Commanders give positive review to body camera program - KOAA.com | Continuous News | Colorado Springs and Pueblo

Commanders give positive review to body camera program

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Colorado Springs Police Officers have worn body cameras for a full year now Colorado Springs Police Officers have worn body cameras for a full year now

It's been one year since the Colorado Springs Police Department implemented its body camera program. Commanders updated the media Friday about their progress and discussed some of the things they've learned along the way. 

On the whole, their review was positive. However, there have been occasions where officers have forgotten to turn on or turn off the camera at appropriate times.

Commander Pat Rigdon, who oversaw the roll-out of the body camera program, told reporters he really likes the angle that they record from. In a demonstration video he showed that even when the officer had their gun drawn, the lens showed a wide enough perspective that the actions of the suspect remained visible.

Chief Pete Carey said the new video evidence has been critical in reviewing use of force complaints and the two officer involved shootings this year.

"We're finding that body worn cameras can speed up the investigative process by helping us figure out exactly what happened, what was said and much faster in some of the cases," Carey said.

District Attorney Dan May told reporters the video is also convincing evidence at trial. He recalled asking jurors about the video they presented during a recent hit-and-run conviction.

"The jury convicted her of hit and run, a Class 3 Felony in that particular situation," May said. "In talking with the jurors later, some of them found that body cam invaluable in deciding what her intent was and her demeanor was."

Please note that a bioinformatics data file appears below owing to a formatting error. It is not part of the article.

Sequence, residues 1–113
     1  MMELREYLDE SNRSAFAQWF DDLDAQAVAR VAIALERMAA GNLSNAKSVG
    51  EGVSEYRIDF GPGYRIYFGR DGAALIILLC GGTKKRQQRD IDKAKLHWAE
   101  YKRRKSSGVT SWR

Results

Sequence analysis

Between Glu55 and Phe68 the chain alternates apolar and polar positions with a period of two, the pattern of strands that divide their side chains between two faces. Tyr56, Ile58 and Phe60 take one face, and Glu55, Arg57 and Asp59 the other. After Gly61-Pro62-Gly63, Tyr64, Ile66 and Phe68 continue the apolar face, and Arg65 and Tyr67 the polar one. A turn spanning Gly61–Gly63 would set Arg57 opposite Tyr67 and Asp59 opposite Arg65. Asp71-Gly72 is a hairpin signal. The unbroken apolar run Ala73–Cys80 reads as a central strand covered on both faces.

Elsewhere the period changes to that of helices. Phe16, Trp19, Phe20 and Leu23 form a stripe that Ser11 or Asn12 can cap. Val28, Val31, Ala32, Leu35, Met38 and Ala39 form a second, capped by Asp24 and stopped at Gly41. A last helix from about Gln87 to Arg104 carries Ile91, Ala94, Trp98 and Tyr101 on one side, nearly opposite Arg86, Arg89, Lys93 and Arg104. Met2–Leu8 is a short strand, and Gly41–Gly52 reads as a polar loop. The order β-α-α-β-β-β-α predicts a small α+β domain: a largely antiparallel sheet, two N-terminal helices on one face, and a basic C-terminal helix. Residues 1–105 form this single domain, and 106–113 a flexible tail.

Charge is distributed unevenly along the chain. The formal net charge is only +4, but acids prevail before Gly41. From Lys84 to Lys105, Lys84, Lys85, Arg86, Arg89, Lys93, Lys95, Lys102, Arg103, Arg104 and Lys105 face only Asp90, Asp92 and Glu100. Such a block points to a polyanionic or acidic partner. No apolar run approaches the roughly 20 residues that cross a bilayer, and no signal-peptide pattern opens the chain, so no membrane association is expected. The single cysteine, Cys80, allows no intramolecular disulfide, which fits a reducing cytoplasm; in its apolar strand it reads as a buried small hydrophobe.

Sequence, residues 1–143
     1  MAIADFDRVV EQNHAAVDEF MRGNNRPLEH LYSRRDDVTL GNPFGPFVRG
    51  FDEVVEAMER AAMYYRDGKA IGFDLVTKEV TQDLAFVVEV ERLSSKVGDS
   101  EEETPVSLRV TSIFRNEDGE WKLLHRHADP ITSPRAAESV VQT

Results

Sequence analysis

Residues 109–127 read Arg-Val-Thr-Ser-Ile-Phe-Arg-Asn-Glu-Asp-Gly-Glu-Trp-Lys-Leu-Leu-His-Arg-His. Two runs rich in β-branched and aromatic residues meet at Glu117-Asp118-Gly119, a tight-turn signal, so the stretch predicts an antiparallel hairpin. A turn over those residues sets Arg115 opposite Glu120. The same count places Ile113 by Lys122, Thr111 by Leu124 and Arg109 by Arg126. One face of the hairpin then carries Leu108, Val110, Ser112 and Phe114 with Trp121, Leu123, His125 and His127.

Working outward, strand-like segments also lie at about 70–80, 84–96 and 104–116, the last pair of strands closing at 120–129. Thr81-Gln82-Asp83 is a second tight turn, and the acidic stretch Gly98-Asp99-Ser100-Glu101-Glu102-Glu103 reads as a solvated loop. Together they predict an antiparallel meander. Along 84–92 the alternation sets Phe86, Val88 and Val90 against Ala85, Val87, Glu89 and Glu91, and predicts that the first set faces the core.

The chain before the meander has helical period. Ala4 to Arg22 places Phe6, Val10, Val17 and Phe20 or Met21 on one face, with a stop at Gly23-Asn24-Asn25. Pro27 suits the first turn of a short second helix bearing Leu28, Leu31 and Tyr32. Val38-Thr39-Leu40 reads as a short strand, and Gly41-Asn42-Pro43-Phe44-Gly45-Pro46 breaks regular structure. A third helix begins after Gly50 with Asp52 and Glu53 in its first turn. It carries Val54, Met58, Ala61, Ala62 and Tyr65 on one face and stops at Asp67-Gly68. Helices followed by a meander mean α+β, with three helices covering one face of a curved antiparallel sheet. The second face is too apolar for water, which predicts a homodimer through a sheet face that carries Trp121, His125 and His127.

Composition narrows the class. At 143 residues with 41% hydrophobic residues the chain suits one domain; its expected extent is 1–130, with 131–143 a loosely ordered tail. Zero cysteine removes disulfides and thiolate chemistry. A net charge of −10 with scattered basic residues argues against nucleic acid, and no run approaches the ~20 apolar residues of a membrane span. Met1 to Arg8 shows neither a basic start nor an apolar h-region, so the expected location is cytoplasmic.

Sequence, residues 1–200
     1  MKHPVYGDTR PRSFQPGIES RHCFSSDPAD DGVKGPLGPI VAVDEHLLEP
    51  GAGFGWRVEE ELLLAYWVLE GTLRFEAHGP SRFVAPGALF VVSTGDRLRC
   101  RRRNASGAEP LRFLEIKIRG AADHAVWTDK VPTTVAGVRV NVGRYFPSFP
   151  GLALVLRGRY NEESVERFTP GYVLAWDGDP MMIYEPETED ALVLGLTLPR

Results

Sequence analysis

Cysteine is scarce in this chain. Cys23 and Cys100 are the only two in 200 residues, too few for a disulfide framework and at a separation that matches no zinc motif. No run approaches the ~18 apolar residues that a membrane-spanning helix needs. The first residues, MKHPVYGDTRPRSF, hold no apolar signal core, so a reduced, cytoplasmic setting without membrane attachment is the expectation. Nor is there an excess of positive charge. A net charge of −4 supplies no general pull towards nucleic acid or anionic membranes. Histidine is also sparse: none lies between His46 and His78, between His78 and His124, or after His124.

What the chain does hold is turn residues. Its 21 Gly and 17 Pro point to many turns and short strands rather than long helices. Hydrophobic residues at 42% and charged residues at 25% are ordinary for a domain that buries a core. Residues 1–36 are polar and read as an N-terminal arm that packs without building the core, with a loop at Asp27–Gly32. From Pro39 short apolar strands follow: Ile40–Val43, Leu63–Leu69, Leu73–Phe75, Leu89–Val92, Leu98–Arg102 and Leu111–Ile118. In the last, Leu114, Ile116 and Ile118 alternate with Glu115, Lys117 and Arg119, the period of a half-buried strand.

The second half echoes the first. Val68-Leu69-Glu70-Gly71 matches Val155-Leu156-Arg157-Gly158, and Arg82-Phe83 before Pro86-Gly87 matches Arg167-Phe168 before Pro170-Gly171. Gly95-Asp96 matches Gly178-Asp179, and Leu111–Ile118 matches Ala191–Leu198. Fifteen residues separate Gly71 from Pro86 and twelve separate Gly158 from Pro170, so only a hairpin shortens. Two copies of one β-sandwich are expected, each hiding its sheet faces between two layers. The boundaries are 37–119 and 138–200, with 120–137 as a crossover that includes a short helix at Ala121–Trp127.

Still, there was a learning curve for officers who were first issued the cameras. Commander Rigdon said officers would occasionally forgot to start the recording in time.

"I think our officers are getting better at turning it on a lot sooner," Rigdon explained. 

The system uses a lot of automation.  Recordings will begin anytime the light bar is activated or the driver door is opened on a police cruiser. Also, a gyroscope inside the camera causes a recording to begin if an officer starts running.

Officers can manually turn the cameras on and off by use of a remote attached to their belts or by simply double tapping their chest. District Attorney May recalled a few instances where officers forgot to stop the recordings leaving prosecutors and defense attorneys with a little more than they wanted to see.

"We've had some situations where they go to a lunch break, they may still have the camera on and as they pay with their credit card, and you can see their credit card on the camera itself or we've had situations where officers forgot to turn it off and they've gone into the bathroom."

There are currently some 480 cameras in use, which is enough for all of the patrol officers. Commander Rigdon said the department plans to issue an additional 20 cameras to some of the more specialized units over the next few months.

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